As befits an adaptation of Dungeons & Dragons, the setting of Baldur’s Gate 3 is full of magic and monsters. In such a world, filled as it is with fireballs, necromancy, and animal transformations, it might seem difficult for a character class based on martial arts and spirituality to stand out.
On paper, this is the correct assumption. As written in the Player’s Handbook, the Monk’s abilities amount to little more than some extra dice rolls and a few pseudo-spells; they’re less magical than a Wizard and less physically powerful than a Fighter. It’s no coincidence that, in over a decade of playing and running Dungeons & Dragons games, I’ve only ever seen a Monk played once.
However, Larian Studios has managed to breathe new life into the class. In Baldur’s Gate 3, monks are visually distinctive whirlwinds of death, able to dart across the battlefield while raining deadly strikes down upon whichever poor fool manages to get in their way.
Baldur’s Gate 3 is able to give Monks this new lease on life because of the visual possibilities afforded by the medium of video games. Martial arts are far more impressive when seen than merely described. It’s one thing to read about the deliberate and graceful movements of an accomplished karate practitioner, but another thing entirely to witness them performed.
Punching above their weight
It’s no coincidence that the classes traditionally considered most dull in Dungeons & Dragons place a greater emphasis on physicality. The Rogue, Fighter, and Monk often get a bad rap. Compared to the Eldritch powers of the Warlock or the unfettered musical charisma of the Bard, the Monk-Rogue-Fighter trifecta often seems boring by comparison.
Fighters and Rogues, however, offer versatility and accessibility that can make them more appealing. A Rogue will be skillful and useful in a wide range of situations, while a Fighter is simple to understand and great to have around in, well, a fight.
By offering a cinematic reimagining of the Monk, Larian gives players a new way to appreciate the class
Monks, by contrast, are complex, requiring players to track Qi points and large numbers of attacks. This can be off-putting, especially for new players. Their specialisms are niche too, and, while powerful in the hands of veteran players, are often difficult to unravel. When leveling in D&D, everybody gets to pick a specialism based on their class. While it’s obvious what a Wizard who specializes in Necromancy might do (spoilers: it involves skeletons), the same cannot be said for a Monk dedicated to the Astral Self.
However, by offering a cinematic re-imagining of the Monk, Larian gives players a new way to appreciate the class - by showing, not telling. Rather than simply having a higher movement value on a character sheet, we can see the Monk cross the battlefield at pace, closing gaps with a speed that’s the envy of most other classes. Instead of just rolling more dice at the table, we are treated to the sight of the Monk laying into their enemies with deliberate animations that convey a sense of pinpoint precision.
Larian has also furnished the Monk with unique sound effects and battle cries. Unarmed attacks sound satisfying, each punctuated with a deep and satisfying thud that’s straight out of a kung-fu film. Monks let out pleasing martial yells as they attack, reminiscent of the real-world Japanese Kiai - the practice of shouting during an offensive move. In one particularly impressive detail, the spells available to Monks who choose the Way of the Four Elements specialization boast a different sound design to other forms of magic. Monk spells use chimes, bells, and throat-singing in a way that evokes a sense of reverent spirituality.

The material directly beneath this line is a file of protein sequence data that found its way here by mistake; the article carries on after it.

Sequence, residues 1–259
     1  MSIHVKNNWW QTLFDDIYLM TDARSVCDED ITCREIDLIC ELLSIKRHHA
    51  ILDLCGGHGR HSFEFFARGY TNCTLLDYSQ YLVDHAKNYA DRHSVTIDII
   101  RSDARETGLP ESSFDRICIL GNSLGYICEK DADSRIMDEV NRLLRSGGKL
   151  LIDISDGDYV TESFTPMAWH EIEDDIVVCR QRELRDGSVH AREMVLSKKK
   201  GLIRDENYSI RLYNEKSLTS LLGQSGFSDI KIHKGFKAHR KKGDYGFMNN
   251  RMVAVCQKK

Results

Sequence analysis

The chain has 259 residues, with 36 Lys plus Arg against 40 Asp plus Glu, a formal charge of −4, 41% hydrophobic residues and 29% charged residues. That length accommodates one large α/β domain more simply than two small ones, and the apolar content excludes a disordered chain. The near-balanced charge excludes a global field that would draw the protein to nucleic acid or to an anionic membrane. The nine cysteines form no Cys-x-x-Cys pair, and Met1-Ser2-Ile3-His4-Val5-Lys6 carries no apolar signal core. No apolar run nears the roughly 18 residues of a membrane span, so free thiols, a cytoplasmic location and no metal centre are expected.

As with any of the Baldur’s Gate 3 classes, the fantasy they represent extends off of the battlefield, serving to define a given character’s role in the wider world. Bards make snarky comments, Wizards spout lore, and Druids commune with nature, for example. Monks, however, have something unique to offer the chaotic and fantastical world of Dungeons & Dragons: a sense of calm and tranquility.
Often Monks will give stoic, sage advice, urging those they speak with to look for mindful solutions to their problems. In a way, they’re very reminiscent of Jedi from Star Wars, which comes as no coincidence given their common roots in Pan-Asian spiritualism.
Monks will give stoic, sage advice, urging those they speak with to look for mindful solutions to their problems
It’s one thing to be aware of those roots, however, and another entirely to see them have an active impact on the world. When asked by Withers, the game’s resident undead watcher of souls and preserver of balance, what the worth of an individual life might be, a Monk can offer a response that wholly captures the spirit of the class: “Mortal lives are not ‘single’,” says the Monk, “they are part of a greater whole - a path to enlightenment.”
Similarly, when faced with the offer of joining the forces of the antagonists in Act 2, the Monk can calmly retort: “Those who walk a tranquil path want for nothing. Keep your ‘blessings’.” In short, the Monk is always cool as a cucumber, bringing a specific feeling of serenity to cutscenes that no other class in Baldur’s Gate 3 can manage.
Calm and collected, they are the eye of the storm at the heart of the frantic chaos and violence that surrounds them. To play as a Monk is to rise above the petty concerns and materialistic desires of those around you - at least, that’s how Larian’s D&D adaptation makes you feel. Though Monks in Baldur’s Gate 3 embody a distinctive kung-fu aesthetic, they are so much more than just their appearance. Thanks to Larian Studios, the Monk has been lifted off of the page and graced with an adaptation that fulfills the promise of the class. Thanks to this cinematic realization, I have a brand new appreciation for one of D&D’s more overlooked classes.